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  1. Feminist Political Theory Without Apology: Anna Doyle Wheeler, William Thompson, and the Appeal of One Half the Human Race, Women.James Jose - 2019 - Hypatia 34 (4):827-851.
    Anna Doyle Wheeler was a nineteenth‐century, Irish‐born socialist and feminist. She and another Irish‐born socialist and feminist, William Thompson, produced a book‐length critique in 1825, Appeal of One Half the Human Race, Women: Against the Pretensions of the Other Half, Men, to Retain Them in Political, and Thence in Civil and Domestic, Slavery: In Reply to a Paragraph of Mr. Mill's Celebrated “Article on Government,” to refute the claims of liberal philosopher James Mill in 1820 that women did not need (...)
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  • Contesting Patrilineal Descent in Political Theory: James Mill and Nineteenth-Century Feminism.Jim Jose - 2000 - Hypatia 15 (1):151-174.
    : Liberal philosopher James Mill has been understood as being unambiguously antifeminist. However, Terence Ball, supposedly informed by a feminist perspective, has argued for a new interpretation. Ball has reconceptualized Mill as a feminist and the sole source of the feminism of his son (J. S. Mill), suggesting a revision of the received wisdom about their relationship to the development of nineteenth century feminist thought. This paper takes issue with Ball's "new interpretation" and its presumed feminist basis.
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  • “Political … Civil and Domestic Slavery”: Harriet Taylor Mill and Anna Doyle Wheeler on Marriage, Servitude, and Socialism.Helen McCabe - forthcoming - British Journal for the History of Philosophy:1-18.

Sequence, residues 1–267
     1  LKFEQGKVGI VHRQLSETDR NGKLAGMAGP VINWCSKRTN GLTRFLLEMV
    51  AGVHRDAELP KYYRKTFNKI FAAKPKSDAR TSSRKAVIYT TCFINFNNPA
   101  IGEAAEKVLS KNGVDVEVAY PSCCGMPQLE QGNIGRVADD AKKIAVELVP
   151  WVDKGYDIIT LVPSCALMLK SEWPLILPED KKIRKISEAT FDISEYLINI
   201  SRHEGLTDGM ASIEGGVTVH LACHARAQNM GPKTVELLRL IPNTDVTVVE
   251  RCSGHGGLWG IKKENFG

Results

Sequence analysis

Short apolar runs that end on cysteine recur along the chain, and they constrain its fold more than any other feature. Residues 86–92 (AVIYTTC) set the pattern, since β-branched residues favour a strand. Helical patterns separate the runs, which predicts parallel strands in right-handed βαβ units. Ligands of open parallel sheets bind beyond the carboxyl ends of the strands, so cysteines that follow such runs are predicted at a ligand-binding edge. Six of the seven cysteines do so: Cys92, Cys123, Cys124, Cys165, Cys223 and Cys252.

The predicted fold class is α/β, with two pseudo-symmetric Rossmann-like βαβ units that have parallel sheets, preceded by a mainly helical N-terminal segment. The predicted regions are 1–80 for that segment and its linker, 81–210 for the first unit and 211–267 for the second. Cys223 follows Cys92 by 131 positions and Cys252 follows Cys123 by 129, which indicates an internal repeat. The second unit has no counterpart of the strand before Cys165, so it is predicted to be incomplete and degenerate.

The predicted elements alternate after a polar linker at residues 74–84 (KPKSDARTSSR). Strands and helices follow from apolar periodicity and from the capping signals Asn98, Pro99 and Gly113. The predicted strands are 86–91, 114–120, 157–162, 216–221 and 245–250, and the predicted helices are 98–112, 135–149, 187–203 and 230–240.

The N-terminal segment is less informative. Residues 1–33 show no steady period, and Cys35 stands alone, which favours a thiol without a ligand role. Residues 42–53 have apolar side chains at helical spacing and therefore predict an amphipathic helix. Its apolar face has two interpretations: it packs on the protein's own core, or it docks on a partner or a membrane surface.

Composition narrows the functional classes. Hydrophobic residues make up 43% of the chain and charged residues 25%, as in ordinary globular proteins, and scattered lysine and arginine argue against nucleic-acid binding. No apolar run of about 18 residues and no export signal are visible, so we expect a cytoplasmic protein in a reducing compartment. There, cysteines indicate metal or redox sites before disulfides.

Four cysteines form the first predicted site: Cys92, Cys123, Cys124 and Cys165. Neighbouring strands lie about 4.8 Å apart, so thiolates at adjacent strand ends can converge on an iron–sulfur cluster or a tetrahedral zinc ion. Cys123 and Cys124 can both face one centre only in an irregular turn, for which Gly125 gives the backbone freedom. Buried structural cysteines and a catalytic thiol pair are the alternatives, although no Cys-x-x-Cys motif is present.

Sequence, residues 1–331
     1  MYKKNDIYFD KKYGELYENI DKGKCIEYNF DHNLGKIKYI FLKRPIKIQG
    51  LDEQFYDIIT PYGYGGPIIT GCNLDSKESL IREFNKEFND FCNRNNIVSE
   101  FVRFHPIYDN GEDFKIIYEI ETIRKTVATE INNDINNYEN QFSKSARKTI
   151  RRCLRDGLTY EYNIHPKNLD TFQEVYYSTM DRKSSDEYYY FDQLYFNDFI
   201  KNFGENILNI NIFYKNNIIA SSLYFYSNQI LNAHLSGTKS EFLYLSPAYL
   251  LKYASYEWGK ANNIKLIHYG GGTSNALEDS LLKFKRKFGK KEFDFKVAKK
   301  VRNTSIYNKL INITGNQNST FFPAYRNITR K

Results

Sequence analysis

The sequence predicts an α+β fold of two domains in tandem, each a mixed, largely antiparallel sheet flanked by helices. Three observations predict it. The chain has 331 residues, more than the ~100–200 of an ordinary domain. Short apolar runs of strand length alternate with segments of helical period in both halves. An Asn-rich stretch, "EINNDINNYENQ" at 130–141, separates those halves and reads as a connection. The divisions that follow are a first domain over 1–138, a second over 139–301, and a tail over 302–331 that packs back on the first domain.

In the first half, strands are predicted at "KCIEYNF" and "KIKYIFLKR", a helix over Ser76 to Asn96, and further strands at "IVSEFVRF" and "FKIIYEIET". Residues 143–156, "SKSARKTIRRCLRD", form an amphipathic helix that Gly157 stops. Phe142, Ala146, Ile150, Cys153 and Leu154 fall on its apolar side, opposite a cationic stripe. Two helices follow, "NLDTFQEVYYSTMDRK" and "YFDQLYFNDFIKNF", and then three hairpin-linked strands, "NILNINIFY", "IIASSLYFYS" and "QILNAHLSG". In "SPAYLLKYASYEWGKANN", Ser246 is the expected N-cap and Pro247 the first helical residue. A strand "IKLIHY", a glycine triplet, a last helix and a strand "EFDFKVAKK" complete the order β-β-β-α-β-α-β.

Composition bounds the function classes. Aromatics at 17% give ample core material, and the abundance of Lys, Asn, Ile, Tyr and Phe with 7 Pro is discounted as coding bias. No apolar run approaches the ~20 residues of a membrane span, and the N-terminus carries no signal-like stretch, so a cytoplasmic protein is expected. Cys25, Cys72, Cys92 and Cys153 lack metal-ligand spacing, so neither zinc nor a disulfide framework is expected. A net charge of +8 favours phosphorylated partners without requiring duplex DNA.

Harriet Taylor Mill and Anna Wheeler are two nineteenth-century British feminists generally over-shadowed by the fame of the men with whom they co-authored. Yet both made important and interesting...
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  • Contesting Patrilineal Descent in Political Theory: James Mill and Nineteenth-Century Feminism.Jim Jose - 2000 - Hypatia 15 (1):151-174.
    Liberal philosopher James Mill has been understood as being unambiguously antifeminist. However, Terence Ball, supposedly informed by a feminist perspective, has argued for a new interpretation. Ball has reconceptualized Mill as a feminist and the sole source of the feminism of his son, suggesting a revision of the received wisdom about their relationship to the development of nineteenth century feminist thought. This paper takes issue with Ball's “new interpretation” and its presumed feminist basis.
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